3. Leading with heart: Rather than only engaging the mind, authentic leadership demands emotions and vulnerability. But unlike a soft approach, empathetic directness delivers successful outcomes.
  4. Establishing enduring relationships: Empathy allows leaders to develop relationships that stretch into the future. This is essential for the long-term focus authentic leaders demonstrate. 
  5. Demonstrating self-discipline: Organisational goals are much more important than personal self-interest. However, putting the mission above personal power, money or ego takes discipline. 

The difficulty with authentic leadership is that it is based on the concept of a 'one true self'. But, as inherently social beings, our selves are defined in relation to others. So the question arises: what role do followers play in the co-production of authentic leaders?

Trump, Sanders versus Hillary: Battle over authenticity

One of the most interesting events to come out of the presidential election so far has been Hillary Clinton's claim that all politicians have public and private opinions. The argument is interesting because it not only goes against the recent push towards authentic leadership, but also contradicts the arguments that her competitors had been positing. 

Both other candidates, Trump and Sanders, have a "tell it as it is" approach to campaigning. While there are obvious arguments against the likes of Trump encapsulating an accurate or inclusive picture of contemporary American society, there is no doubt that he, like Sanders, is speaking to a large group of voters who share a similar view of reality. Hillary on the other hand, has been struggling with the challenge of creating and showcasing an authentic image.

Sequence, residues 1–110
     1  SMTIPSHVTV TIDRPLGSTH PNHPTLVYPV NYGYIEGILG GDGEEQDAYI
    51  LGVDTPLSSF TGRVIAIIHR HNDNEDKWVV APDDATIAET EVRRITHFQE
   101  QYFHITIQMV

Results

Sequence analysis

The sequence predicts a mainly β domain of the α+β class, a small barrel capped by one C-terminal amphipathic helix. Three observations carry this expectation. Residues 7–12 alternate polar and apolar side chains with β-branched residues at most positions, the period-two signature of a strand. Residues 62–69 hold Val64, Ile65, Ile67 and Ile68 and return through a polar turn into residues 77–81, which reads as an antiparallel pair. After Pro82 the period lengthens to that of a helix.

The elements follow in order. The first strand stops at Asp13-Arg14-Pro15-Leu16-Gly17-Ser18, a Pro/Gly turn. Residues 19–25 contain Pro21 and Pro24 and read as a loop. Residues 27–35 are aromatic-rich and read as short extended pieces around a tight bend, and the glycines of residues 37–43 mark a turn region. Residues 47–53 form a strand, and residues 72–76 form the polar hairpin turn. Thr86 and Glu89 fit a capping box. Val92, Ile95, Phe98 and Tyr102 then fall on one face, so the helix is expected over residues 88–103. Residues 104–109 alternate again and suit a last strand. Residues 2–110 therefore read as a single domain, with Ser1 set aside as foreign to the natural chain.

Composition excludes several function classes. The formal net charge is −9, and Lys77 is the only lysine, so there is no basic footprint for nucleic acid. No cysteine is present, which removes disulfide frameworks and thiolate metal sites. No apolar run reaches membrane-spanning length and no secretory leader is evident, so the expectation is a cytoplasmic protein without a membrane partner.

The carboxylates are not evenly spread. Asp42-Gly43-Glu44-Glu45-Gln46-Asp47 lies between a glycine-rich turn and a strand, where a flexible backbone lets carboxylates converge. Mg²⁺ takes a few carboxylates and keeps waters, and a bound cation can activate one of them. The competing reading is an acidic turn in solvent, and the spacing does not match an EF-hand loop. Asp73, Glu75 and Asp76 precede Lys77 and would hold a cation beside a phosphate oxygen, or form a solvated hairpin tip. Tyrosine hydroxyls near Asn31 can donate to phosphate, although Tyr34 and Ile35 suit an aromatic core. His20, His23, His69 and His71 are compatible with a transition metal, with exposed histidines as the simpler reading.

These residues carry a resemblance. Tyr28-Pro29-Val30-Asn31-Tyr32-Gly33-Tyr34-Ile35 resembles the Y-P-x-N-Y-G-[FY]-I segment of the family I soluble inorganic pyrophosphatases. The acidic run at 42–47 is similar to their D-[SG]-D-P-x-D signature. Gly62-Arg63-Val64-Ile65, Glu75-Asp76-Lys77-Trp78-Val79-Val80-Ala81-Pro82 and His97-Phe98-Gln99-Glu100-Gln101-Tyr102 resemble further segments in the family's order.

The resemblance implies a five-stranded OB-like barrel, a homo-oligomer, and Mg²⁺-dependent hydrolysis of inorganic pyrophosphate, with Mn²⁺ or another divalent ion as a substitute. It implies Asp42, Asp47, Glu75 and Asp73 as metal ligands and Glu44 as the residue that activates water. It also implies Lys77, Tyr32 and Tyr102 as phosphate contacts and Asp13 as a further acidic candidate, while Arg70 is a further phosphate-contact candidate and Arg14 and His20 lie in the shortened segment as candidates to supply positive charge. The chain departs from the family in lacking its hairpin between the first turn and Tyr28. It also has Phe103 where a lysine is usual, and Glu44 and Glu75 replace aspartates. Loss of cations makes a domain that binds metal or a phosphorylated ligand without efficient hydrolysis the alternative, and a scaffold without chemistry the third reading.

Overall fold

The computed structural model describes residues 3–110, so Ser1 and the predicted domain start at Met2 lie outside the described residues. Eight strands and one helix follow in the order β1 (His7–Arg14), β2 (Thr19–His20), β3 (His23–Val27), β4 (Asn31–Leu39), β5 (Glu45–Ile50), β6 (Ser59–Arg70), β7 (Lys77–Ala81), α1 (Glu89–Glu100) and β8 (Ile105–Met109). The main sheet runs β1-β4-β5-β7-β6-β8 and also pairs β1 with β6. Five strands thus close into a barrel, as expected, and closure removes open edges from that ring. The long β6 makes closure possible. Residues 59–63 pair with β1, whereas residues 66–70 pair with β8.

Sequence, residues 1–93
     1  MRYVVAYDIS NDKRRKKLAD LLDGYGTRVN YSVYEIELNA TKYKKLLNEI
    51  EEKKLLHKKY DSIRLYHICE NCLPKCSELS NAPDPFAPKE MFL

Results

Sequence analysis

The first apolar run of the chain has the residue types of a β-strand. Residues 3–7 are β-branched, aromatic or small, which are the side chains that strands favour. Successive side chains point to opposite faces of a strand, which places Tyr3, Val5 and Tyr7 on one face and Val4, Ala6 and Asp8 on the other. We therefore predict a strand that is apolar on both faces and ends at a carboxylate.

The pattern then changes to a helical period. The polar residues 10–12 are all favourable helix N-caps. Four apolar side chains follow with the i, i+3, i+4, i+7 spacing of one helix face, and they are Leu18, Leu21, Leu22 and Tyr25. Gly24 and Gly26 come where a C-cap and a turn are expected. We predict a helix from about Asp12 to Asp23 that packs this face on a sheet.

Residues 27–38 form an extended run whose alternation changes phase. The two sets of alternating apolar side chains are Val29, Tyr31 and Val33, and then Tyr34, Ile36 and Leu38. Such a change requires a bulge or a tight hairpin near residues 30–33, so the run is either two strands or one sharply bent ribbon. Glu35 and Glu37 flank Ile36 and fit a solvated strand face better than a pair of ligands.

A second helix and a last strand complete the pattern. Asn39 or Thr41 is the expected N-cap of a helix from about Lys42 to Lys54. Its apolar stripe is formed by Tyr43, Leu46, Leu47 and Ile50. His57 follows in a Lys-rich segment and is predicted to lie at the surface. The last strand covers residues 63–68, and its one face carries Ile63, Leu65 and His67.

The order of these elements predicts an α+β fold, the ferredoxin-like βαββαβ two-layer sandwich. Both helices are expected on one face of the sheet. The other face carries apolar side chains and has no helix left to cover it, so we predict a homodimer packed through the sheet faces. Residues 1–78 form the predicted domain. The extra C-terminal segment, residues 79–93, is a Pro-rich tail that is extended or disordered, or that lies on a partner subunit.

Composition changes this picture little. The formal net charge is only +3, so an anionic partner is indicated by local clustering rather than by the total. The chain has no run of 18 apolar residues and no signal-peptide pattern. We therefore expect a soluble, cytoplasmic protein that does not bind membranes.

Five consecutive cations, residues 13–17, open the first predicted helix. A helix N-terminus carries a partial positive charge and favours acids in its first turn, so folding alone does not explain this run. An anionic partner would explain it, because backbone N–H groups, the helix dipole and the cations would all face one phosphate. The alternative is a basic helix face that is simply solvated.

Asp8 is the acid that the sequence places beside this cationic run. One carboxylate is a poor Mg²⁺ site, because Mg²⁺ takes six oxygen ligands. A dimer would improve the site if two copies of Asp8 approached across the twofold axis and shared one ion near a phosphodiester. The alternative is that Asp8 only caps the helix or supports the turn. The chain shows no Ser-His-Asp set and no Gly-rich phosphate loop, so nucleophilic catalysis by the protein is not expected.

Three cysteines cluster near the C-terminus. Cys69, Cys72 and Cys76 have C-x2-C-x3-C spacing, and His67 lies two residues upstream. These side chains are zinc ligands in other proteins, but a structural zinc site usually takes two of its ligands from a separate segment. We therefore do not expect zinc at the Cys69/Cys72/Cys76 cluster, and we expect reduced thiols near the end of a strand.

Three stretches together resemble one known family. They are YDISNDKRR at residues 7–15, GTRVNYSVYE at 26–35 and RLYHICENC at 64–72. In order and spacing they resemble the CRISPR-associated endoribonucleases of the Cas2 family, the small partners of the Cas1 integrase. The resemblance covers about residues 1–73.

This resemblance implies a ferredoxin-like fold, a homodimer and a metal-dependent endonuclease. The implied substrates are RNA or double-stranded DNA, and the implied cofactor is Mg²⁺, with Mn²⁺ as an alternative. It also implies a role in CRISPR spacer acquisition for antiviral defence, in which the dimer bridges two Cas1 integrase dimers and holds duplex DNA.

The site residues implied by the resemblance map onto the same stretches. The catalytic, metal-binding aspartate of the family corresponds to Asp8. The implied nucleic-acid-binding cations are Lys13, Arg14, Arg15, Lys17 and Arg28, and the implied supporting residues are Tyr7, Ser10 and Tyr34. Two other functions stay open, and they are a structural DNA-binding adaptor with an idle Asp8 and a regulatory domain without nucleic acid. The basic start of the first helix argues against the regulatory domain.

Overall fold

New Zealand leaders can be authentic if they focus on the towering problems. New Zealand leaders can be authentic if they focus on the towering problems.

The flip side of this is that authentic leadership styles can also generate self-obsessed leaders, as Dr Fiona Kennedy of the New Zealand Leadership Institute put it. 

"It is precisely that self-referential quality that we see as problematic. Focusing on one's inner self risks producing self-obsessed leaders who are immune to doubt or to views that are counter to their own. More importantly, it promotes leaders who encourage the fantasies of their followers, rather than asking them to face what are often complex realities," says Kennedy.

In many ways it is the followers of leaders who actually produce the authentic image that circulates. Without followers projecting their uncertainties, nightmares and desires onto leaders, many would not exist. For contemporary New Zealand leaders, the takeaway is that they have a responsibility to ask followers to face complex realities, rather than facilitating their fantasies. 

In times of crisis – and during organisational change – authentic leadership can be a major benefit. For it to be effective, however, authenticity must come not just from inside but with respect to the social and financial milieu that gives rise to the problems and issues of change.